Wednesday, 23 July 2014

The Alchemy of Inspiration

Today I am delighted to have Barbara Scott Emmett as my guest.



The role of Serendipity and Synchronicity in the creation of
Delirium: The Rimbaud Delusion
by Barbara Scott Emmett
 



I first encountered Arthur Rimbaud at an exhibition at University College London when I was a student there. A display in the foyer told the story of a house in nearby Camden Town and the two scruffy French poets who lived there in 1872. The characters and relationship of Rimbaud and Verlaine touched some romantic streak in me – they were Bohemians, writers, living wild and free and they seemed to me like the rock stars of their time.

It was Rimbaud who most intrigued me – the boy poet who wrote all his great work before he was twenty-one. Over the years I read all the books about him I could find; I read his poetry both in the original and in translation, visited his home town of Charleville, and even wrote a play about him (Death without Tears – Edinburgh Fringe 1999). I always had it in my mind that one day I would put him in a novel.

An intriguing aspect of the tale of Rimbaud’s life and works was the reference to a missing manuscript, La Chasse Spirituelle. According to Verlaine it was Rimbaud’s best work but it had gone missing and had been lost for well over a century. This was the initial trigger: What if someone found it?

And so, the idea for Delirium: The Rimbaud Delusion came to me.

Andrea Mann goes to Rimbaud’s home town in northern France because she is obsessed by the boy poet. In Charleville cemetery she meets a youth who claims to have a copy of La Chasse Spirituelle.

So far so good but I needed more.

I remembered an incident many years ago in Berlin. While in a park with a friend, I got talking to a wild-eyed youth who said he was under the influence of a Magician. He told us this man could control him by tapping his —the youth’s— forehead and singing a jingle. He would then get a headache and do whatever the man told him. Though he was obviously terrified of his tormenter, he refused to leave him.

I was never sure whether this story was true or whether it was simply the deranged ramblings of a confused young man, but the idea stuck with me. What if it was true and he was being controlled by some mysterious puppet-master?

Out of this sprang the idea for Albert the Magician, and Rimboy, his protégé.

Andrea’s sense of herself, her life and everyone she meets is fractured and distorted by Albert. His  intention is that when she has been completely broken down, torn apart, destroyed, she can be put together again in some kind of better order. This idea came out of my own life experience reinforced by various novels broadly working around similar topics.

One of these—probably the main one—was The Magus by John Fowles.

Also, Rimbaud’s theory of poetry included the idea of a total disordering of all the senses. He believed that through drinking, drugtaking, sleeplessness, debauchery and other methods of self-abasement, the mind would be forced into experiences beyond the mundane. Sounds would become colours, vision would be distorted, enlightenment would be attained, and out of this, poetry would arise.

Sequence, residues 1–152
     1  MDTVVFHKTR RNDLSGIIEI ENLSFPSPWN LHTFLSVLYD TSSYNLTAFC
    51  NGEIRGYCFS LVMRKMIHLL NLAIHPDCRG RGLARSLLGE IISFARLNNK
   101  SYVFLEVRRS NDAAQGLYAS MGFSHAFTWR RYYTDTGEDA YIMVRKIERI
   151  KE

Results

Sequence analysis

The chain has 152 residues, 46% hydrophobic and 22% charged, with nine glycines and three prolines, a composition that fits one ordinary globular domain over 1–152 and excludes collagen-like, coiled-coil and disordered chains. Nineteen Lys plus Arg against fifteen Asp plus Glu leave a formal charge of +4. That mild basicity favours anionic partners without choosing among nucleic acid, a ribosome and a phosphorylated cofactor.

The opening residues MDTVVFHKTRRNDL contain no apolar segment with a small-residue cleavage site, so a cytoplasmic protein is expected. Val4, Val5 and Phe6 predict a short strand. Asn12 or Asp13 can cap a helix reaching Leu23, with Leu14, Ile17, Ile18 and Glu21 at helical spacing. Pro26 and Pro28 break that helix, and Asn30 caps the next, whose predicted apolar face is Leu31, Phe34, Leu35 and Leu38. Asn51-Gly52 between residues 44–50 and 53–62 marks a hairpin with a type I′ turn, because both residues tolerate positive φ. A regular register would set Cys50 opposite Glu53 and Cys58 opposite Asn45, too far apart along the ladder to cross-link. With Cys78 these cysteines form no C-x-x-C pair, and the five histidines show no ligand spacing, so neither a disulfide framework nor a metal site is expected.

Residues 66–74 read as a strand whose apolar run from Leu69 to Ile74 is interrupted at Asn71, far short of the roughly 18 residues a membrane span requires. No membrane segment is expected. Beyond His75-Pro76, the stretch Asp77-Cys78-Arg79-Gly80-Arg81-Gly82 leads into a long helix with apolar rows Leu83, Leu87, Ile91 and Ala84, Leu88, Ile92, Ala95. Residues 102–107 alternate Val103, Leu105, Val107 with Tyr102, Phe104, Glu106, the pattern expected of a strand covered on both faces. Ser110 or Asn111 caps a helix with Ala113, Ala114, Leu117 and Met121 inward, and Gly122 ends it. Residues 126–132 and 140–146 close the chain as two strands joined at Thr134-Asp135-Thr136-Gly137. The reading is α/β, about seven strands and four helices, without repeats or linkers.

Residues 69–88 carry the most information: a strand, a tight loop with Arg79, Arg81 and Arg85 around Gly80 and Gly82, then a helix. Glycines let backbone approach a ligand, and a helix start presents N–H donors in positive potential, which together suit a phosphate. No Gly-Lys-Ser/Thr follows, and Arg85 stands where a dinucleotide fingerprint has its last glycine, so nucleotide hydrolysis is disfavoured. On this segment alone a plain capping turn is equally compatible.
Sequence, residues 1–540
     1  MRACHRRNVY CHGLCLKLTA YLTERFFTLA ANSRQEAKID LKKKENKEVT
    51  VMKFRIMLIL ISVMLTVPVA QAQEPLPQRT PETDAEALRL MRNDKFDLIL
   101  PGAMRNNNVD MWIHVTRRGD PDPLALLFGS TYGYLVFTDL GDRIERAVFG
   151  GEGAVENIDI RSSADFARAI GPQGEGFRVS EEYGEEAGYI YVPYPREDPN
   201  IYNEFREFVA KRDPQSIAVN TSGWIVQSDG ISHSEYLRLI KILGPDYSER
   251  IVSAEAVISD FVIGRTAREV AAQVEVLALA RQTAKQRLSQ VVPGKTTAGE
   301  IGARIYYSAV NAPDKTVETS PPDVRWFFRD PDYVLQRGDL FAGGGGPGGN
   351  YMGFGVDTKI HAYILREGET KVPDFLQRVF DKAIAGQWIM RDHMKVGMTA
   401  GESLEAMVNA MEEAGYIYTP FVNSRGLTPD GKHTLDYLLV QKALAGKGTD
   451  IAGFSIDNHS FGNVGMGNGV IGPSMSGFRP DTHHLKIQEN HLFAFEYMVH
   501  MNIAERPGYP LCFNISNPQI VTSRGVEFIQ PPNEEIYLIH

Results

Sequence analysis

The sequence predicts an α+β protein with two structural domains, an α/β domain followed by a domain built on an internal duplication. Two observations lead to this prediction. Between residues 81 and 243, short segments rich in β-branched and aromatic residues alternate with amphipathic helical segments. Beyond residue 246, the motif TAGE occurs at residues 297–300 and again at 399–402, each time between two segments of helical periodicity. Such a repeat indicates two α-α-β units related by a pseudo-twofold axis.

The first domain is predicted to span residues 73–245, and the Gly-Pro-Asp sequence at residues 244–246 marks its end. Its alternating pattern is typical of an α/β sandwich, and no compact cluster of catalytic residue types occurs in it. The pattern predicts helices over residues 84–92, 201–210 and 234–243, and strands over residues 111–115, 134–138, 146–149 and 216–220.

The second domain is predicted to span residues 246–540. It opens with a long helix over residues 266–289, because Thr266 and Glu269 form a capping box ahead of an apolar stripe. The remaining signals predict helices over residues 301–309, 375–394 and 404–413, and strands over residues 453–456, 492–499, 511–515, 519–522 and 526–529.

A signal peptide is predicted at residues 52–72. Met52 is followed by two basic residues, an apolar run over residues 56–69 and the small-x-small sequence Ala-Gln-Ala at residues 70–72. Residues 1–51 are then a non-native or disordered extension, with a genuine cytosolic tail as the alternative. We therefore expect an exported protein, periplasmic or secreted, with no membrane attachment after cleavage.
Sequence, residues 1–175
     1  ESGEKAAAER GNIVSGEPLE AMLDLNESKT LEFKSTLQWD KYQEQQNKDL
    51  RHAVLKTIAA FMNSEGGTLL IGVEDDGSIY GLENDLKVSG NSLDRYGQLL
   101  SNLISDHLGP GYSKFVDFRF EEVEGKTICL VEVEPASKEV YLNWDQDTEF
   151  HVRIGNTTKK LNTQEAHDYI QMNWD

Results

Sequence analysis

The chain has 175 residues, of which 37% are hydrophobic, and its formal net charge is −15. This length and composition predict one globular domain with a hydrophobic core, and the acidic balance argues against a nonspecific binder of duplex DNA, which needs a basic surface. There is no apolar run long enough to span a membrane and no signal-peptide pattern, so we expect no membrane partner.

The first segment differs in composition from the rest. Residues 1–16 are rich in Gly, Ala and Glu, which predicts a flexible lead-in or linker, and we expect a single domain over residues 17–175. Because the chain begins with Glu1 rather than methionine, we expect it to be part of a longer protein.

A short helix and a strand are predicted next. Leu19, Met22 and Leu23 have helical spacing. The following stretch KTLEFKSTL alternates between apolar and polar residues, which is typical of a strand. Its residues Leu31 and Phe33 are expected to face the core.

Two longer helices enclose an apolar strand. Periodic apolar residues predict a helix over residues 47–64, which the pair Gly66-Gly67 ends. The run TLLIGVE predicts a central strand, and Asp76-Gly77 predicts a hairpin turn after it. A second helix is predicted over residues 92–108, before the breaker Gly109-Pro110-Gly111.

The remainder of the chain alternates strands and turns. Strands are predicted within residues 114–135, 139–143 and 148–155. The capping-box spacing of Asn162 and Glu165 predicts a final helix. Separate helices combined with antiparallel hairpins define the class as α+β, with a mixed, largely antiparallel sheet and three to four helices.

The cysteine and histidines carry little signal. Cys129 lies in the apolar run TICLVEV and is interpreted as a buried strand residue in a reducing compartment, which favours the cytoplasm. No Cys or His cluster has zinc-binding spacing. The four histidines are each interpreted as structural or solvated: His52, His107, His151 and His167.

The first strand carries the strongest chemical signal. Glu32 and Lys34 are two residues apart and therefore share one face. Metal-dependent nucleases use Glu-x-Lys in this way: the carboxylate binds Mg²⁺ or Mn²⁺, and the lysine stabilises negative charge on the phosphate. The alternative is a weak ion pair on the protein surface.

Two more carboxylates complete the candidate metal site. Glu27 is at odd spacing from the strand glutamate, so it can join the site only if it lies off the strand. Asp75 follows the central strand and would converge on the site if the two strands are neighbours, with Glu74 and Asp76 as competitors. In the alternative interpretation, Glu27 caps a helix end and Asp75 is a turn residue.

As well as telling Andrea’s story, Delirium: The Rimbaud Delusion also tells the story of the lost manuscript itself. Perhaps the manuscript of  La Chasse Spirituelle had lain forgotten in Madame Verlaine’s lawyer’s office, where it had been sent with various letters as evidence for her divorce. Perhaps a lowly clerk had saved it from destruction and taken it home. I wanted to show how the missing manuscript could have been handed down through the years and to tell the story of each person who had possession of it and how it affected them.

This idea became the consecutive stories of Jean Martins, the legal clerk; Simone Vennard, the wife of a soldier during the Great War; Aurore and Dora, lesbian lovers in the twenties and thirties, and Charlie Dick, a private eye who attempts to track it down in the fifties for his client, Babette Beaulieu. Each of these strands is written in a different style, in voices which I hope are true to the characters and the type of stories they are telling.

One of the delights of creativity is the way happy accidents and timely discoveries link together to produce their own magic. Seemingly unconnected incidents fertilise each other and something entirely new is born. Out of these few germs of ideas, Delirium: The Rimbaud Delusion grew and took shape. In the mysterious way the creative process operates the various elements blended together and formed a cohesive whole.

Now all I have to do is blend my current germs of ideas together and wait for them to be transformed by the alchemy of inspiration. With the help of serendipity and synchronicity perhaps another book will bloom. I can’t wait to see how it develops.

~



Barbara Scott Emmett has published novels, short stories and a book of poetry. Her work has also appeared in anthologies and magazines. She has been fascinated by French poet Arthur Rimbaud for many years and her new novel Delirium: The Rimbaud Delusion will be published in association with Triskele Books in October 2014.  Find out more about it here.


Barbara lives in Newcastle and writes in a room overlooking the Tyne often accompanied by her husband, writer Jimmy Bain, and their cat Gizzie.

Please see her blog or website  for more details.

Her books can be purchased at Amazon, Smashwords, and and at other online stores via Pentalpha Publishing Edinburgh







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1 comment:

Barbara Scott Emmett said...

Thank you for sharing your space with me, Lorraine.